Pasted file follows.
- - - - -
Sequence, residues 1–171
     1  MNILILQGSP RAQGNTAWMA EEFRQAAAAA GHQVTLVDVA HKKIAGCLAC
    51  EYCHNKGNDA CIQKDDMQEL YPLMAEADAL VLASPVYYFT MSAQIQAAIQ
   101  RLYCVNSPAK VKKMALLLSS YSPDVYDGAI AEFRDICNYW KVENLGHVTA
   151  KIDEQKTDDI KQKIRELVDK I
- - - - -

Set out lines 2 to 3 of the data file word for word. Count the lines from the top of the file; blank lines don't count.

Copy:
     1  MNILILQGSP RAQGNTAWMA EEFRQAAAAA GHQVTLVDVA HKKIAGCLAC
    51  EYCHNKGNDA CIQKDDMQEL YPLMAEADAL VLASPVYYFT MSAQIQAAIQ